“What’s the plan?” Ferdy asked.

“No plan, and no back-up. So we’re just going to blast the hell out of them till we run out of ammo and then bugger off home.”

Gilnockie Tower Part 1

Gilnockie_Tower 3SI (Phoebles) was the first to spot the Gilnockie Tower on account of I was looking out the bridge windows with the big spyglass.

“Left hand down a bit, the tower is over there,” I says to Ferdy, who is doing the driving. And he gives me a stern look, as if I’s criticising his navigation or summat. I do have very keen eyesight, ’specially when I got the spyglass.   But Ferdy’s being OK too.

Polly sticks her head round the door.

“Are we nearly there yet?”

So I says, “Yup, we’ll be landing within the hour.”

And she says, “In that case I am going to bugger off in my little red plane. If things don’t go to plan you all may need back up later.”

She’s dead good in that thing. It’s a Polikarpov I-16 fighter, red all over with yellow stars and two 7.62mm ShKAS machine guns and two 20mm ShVAK cannons mounted in the wings. And it’s dead manouverable.

She stops off at the officers’ canteen to pick up a pre-ordered packet of Catapano goats cheese and Coln Valley smoked salmon sandwiches and to refill her hip flask with cheap vodka.

“No point using the good stuff,” she says, “in the middle of a dog fight I spill more than I drink.”

“You should get one of those Beerbelly™ WineRack bras for hands free drinking,” suggests the Pusser.

“What’s a bra?” asks Polly.

The best things about the Airship of State are deffo the food. She has chefs instead of cooks and three-Michelin-star gourmet restaurants instead of mess decks and there is all day breakfasts available ALL DAY!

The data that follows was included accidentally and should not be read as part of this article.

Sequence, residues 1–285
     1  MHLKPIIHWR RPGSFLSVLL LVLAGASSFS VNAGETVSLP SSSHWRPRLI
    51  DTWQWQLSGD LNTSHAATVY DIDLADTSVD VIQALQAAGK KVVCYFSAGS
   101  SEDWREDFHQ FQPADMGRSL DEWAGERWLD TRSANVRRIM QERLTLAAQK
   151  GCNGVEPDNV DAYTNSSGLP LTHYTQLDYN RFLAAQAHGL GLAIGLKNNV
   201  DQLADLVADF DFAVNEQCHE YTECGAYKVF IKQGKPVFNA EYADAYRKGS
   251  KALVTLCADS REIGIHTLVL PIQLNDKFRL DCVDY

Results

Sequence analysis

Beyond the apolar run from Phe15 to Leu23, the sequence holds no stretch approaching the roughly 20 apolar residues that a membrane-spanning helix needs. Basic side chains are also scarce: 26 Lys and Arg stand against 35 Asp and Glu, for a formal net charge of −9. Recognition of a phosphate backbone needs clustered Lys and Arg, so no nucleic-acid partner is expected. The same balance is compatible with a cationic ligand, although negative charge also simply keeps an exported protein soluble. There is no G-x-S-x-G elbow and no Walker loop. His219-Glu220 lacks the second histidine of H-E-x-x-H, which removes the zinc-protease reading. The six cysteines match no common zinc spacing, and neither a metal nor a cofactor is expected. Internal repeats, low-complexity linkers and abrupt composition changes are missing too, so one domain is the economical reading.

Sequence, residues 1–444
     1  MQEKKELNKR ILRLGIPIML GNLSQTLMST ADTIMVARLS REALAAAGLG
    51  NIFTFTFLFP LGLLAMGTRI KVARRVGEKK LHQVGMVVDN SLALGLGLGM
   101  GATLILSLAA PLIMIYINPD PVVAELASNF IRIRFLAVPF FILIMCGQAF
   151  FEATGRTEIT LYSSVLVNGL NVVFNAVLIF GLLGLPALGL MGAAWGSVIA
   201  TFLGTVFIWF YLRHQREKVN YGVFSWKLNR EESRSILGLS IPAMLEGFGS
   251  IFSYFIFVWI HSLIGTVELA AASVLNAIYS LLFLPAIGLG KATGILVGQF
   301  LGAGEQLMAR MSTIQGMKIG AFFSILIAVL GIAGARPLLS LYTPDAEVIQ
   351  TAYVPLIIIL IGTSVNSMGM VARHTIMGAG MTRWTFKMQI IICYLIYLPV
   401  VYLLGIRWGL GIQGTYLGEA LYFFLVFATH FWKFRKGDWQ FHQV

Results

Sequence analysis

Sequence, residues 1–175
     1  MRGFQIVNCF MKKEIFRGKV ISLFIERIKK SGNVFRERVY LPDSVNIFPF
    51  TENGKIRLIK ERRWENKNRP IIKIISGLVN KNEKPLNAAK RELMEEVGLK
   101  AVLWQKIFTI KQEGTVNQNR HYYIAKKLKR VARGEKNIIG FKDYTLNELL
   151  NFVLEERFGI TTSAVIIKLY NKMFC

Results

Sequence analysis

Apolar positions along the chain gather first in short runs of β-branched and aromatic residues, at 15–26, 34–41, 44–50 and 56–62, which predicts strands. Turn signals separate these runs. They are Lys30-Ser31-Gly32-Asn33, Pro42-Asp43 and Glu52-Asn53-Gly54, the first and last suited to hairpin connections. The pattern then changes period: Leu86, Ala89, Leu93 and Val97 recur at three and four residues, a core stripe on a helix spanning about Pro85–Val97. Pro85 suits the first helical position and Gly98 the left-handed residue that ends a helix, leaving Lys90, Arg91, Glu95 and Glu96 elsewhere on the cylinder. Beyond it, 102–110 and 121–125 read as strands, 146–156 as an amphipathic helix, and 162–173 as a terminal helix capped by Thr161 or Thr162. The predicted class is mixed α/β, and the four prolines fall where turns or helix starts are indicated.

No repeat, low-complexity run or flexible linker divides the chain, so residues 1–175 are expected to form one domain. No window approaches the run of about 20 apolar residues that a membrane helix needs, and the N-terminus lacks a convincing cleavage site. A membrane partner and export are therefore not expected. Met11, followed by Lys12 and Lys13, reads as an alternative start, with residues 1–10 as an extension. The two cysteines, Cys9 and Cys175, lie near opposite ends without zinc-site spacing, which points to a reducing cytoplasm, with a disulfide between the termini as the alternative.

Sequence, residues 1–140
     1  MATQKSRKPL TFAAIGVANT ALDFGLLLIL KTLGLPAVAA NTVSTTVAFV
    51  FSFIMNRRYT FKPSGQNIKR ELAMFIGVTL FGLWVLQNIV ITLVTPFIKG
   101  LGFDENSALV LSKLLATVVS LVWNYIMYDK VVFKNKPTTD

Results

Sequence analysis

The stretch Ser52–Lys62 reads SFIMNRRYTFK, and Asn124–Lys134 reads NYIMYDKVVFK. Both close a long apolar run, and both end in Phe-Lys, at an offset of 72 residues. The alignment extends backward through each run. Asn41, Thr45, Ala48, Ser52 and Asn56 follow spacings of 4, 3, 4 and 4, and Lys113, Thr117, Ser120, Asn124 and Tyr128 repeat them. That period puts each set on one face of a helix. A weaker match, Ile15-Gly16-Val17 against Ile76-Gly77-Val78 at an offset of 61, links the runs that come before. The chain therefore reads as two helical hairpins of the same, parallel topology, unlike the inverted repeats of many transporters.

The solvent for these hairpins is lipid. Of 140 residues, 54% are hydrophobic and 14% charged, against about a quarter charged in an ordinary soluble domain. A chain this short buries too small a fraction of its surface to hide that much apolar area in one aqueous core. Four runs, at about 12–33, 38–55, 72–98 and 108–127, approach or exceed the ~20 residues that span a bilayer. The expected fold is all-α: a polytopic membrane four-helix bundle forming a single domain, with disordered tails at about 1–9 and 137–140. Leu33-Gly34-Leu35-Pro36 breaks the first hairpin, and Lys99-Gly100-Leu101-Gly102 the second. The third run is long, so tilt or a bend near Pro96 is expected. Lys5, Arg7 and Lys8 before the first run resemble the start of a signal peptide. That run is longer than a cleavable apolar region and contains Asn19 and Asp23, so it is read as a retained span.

Anyway, back to the story. Polly gets in her plane and starts up the engine and stuff, while the crew are lowering it out of the hangar, unbolting things and hammering and swearing at the release mechanism. Then there is a clunk and the red Rata drops away from beneath the airship. And she is whizzing off towards the horizon doing barrel rolls as she goes.

And I has another look through the spyglass. It’s dead good, made of brass tubes that slide inside each other and when you stretch them out it’s really long and makes things look ever so close even when they’re not. I’m looking at Gilnockie Tower again. It’s grey and stony and has a little flag on top.

The dour, granite, crenulated pile had been sturdily built with defence high on its creator’s agenda. It stood in solitude amidst the wooded hills of the Scottish Marches, bearing the battle scars of centuries of conflict, family feuds, power struggles and border wars.

We approach slowly from down wind and come in over the croquet lawn.   Lots of ghillies (sort of Scotch servants) in greeny-bluey tartan kilts and matching bonnets rush out to catch our mooring lines as we cast them down, and we are dragged and guided over towards the stables, where we are tethered close to the laird’s Silver Ghost.